BRUSSELS: Under pressure from the IMF, eurozone finance ministers will consider major debt relief and fresh aid for Greece on Monday despite the deep reservations of bailout-weary Germany.
Ministers from the 19-member single currency bloc must confront the sensitive topic at talks in Brussels after Greek lawmakers fulfilled the eurozone’s latest demands for painful reforms in a vote last Thursday.
The vote in parliament, which was met by angry protests, satisfied the conditions of Greece’s bailout and opened the way for debt relief as well as fresh loans so that Athens can repay a debt of 7 billion euros ($7.8 billion) in July.
“Our country… has fulfilled its obligations totally and on time,” Greek Finance Minister Euclid Tsakalotos said on Sunday ahead of the crunch talks, which begin at 1300 GMT.
“There is no excuse for further delay on the issue of the debt relief,” he said.
Greece’s debt stands at a towering 180 percent of annual output, the legacy of the Greek debt crisis that brought panic to the markets and nearly forced the country out of the eurozone.
But several eurozone governments have dragged their heels on tackling the debt mountain over the long term, insisting on more reforms before doing Athens further favours.
’Difficult and long’
The issue is particularly sensitive in Germany, where more debt relief for Greece is seen as a vote loser in the run-up to general elections in September.
Opposing Berlin is the International Monetary Fund, which has made more debt relief a condition of taking part in Greece’s latest 86-billion-euro ($94-billion) bailout, its third since 2010.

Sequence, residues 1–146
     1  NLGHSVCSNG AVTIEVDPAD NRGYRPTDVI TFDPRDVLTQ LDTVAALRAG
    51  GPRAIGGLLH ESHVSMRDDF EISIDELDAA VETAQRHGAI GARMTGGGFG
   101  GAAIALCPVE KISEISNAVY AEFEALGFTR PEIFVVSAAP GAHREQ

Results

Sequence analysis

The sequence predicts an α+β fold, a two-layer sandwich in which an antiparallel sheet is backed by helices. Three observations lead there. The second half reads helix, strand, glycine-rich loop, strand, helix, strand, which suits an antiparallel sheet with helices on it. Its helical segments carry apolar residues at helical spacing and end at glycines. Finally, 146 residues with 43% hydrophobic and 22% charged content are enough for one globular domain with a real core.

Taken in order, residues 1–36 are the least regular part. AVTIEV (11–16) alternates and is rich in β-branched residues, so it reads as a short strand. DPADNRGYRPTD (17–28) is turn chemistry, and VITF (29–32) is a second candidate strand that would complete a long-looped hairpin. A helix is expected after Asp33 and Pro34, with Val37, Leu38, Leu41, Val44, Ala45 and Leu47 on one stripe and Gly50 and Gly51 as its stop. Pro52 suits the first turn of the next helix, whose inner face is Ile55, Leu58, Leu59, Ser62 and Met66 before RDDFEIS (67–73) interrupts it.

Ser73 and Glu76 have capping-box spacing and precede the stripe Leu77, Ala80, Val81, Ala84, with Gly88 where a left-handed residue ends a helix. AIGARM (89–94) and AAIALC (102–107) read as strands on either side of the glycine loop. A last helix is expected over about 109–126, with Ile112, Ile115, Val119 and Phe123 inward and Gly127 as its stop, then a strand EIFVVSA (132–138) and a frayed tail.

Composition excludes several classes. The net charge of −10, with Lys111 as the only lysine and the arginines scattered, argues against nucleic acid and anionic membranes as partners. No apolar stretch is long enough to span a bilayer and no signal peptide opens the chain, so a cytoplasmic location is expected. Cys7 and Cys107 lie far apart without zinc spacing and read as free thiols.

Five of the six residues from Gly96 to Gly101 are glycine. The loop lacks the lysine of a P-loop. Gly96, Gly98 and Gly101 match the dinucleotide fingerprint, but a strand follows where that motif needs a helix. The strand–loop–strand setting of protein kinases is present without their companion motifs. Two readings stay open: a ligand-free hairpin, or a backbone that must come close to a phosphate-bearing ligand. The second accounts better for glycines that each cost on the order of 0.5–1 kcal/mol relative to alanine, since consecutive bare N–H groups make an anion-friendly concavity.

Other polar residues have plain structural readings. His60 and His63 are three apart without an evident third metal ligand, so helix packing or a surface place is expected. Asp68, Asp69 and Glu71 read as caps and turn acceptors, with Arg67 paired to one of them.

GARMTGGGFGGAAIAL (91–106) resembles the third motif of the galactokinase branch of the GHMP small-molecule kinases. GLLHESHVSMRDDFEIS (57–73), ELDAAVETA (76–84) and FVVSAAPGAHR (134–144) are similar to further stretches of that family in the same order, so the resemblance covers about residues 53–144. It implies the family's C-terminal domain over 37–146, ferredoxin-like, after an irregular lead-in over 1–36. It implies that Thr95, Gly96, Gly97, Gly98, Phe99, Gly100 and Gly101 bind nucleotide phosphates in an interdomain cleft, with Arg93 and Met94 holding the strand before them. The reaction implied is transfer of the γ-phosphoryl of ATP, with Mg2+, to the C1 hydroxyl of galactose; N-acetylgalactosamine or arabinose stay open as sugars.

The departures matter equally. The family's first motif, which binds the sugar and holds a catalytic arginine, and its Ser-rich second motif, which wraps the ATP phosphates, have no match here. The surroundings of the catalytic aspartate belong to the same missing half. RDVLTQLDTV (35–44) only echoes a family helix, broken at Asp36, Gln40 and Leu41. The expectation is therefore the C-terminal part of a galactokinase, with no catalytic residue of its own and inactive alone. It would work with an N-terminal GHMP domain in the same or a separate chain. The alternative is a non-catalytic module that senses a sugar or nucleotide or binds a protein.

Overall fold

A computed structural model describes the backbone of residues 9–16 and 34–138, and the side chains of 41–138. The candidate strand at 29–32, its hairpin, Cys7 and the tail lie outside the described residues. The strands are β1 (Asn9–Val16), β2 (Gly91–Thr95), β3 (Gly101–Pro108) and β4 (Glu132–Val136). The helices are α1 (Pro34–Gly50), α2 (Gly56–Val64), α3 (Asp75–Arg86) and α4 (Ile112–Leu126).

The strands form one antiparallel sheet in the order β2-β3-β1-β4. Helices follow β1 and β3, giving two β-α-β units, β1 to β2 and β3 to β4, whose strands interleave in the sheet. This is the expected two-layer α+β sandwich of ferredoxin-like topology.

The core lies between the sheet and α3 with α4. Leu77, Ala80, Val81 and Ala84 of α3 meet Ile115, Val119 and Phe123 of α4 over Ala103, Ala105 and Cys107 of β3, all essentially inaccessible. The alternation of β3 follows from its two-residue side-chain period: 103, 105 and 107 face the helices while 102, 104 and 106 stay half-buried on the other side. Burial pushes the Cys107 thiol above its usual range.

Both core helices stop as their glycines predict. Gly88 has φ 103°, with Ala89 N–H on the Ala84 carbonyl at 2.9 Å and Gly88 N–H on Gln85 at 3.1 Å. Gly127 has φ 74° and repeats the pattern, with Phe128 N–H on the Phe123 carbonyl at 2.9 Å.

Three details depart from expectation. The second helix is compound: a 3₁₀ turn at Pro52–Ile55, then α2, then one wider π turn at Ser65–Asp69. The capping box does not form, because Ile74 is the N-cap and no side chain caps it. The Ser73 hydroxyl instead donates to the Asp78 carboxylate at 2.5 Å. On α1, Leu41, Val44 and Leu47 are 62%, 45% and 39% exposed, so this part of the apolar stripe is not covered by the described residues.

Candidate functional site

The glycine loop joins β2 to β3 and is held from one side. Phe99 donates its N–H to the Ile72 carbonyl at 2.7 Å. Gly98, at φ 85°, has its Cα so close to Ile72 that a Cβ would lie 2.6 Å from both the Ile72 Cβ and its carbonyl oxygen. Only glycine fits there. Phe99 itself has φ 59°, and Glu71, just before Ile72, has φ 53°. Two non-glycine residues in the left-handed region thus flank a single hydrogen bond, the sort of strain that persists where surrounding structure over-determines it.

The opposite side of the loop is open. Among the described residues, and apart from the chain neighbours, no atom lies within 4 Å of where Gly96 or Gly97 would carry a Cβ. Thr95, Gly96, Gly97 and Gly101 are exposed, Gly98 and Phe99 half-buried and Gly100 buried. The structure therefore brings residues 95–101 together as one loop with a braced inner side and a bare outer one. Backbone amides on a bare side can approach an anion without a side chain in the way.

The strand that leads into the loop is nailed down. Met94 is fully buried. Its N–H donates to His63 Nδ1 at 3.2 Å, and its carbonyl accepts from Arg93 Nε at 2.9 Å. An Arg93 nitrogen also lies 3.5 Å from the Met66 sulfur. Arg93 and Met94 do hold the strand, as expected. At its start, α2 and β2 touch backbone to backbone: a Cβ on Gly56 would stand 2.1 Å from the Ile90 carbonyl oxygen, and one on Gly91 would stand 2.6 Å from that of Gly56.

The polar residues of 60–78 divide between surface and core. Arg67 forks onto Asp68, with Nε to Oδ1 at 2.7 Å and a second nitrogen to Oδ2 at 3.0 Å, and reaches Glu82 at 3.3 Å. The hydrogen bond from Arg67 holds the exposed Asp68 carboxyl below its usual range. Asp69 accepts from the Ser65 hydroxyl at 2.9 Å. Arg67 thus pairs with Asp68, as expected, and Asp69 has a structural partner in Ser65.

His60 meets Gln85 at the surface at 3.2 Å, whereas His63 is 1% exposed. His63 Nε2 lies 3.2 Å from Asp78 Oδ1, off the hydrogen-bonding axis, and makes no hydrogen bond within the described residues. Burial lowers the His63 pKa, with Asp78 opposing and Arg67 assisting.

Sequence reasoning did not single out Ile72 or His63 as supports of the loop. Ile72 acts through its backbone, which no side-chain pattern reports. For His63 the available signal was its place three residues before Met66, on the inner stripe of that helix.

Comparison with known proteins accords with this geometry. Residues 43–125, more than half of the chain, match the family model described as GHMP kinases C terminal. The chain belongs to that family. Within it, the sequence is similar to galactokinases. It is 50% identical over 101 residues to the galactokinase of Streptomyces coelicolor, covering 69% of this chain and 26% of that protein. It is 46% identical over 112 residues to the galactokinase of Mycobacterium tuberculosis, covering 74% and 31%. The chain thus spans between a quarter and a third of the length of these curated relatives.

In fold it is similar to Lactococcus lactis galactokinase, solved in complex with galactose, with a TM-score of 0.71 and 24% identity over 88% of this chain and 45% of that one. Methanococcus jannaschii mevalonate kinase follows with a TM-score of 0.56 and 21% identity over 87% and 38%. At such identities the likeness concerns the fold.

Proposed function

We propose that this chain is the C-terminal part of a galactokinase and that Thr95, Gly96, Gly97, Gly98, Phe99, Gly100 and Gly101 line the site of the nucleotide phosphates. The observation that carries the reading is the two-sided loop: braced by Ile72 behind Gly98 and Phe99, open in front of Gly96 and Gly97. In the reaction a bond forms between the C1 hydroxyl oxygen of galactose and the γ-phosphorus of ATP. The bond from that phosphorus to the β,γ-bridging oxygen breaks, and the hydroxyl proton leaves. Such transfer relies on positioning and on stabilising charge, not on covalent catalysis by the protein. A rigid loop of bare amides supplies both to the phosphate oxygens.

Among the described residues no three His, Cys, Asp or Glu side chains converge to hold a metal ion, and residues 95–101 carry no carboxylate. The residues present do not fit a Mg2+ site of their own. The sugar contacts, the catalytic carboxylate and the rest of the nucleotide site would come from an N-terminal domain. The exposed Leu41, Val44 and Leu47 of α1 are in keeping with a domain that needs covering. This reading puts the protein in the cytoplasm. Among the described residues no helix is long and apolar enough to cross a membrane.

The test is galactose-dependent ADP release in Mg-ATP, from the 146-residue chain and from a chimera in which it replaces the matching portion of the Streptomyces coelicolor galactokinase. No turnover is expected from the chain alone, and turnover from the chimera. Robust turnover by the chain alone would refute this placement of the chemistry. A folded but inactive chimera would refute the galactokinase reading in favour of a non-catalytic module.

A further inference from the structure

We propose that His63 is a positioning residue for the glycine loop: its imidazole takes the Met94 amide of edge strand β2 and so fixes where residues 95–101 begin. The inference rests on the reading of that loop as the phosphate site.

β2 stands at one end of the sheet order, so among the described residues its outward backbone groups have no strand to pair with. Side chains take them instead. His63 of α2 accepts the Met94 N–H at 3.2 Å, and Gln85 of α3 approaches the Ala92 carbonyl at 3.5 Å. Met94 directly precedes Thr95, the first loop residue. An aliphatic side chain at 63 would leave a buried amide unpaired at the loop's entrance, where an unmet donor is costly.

“We have to find a scenario on debt that holds for years to come and that everyone can accept, including the IMF,” an EU diplomat said on condition of anonymity.
The discussion will be “rather difficult and long,” the diplomat said.
Led by the tough negotiator Christine Lagarde, the IMF says Greece’s debt is unsustainable and will be “explosive” in the long run, requiring a more ambitious plan from Europe.
This would include dramatically extending grace periods and maturities on the loans far beyond what the eurozone has committed to so far.
The question has served as a point of contention for months between the IMF and the eurozone’s most influential official, German Finance Minister Wolfgang Schaeuble.
Schaeuble opposes debt relief, but at the same time refuses to unlock more loans to Greece without the partnership of the IMF, which he sees as a guarantor of financial rigour.
“I think that we are in reality very close to an overall deal for Greece (that includes the debt question),” the EU’s Economic Affairs Commissioner Pierre Moscovici told French public radio on Sunday.
“I really mean it, and if not, then it will be in the coming weeks,” he said.
The meeting will be the first for French Finance Minister Bruno Le Maire, named to his post last week by newly-elected President Emmanuel Macron, a pro-EU centrist.
Le Maire will attend the Brussels talks after a morning stop in Berlin to meet Schaeuble. Germany and France are Greece’s biggest lenders.
Greek Prime Minister Alexis Tsipras earlier this month grudgingly accepted the need to legislate spending cuts and weakened tax breaks to unlock the cash and win debt relief.
The vote was greeted by a heated protest of 10,000 people outside parliament, with many Greeks fed up with yet another round of austerity to meet demands of the country’s eurozone partners.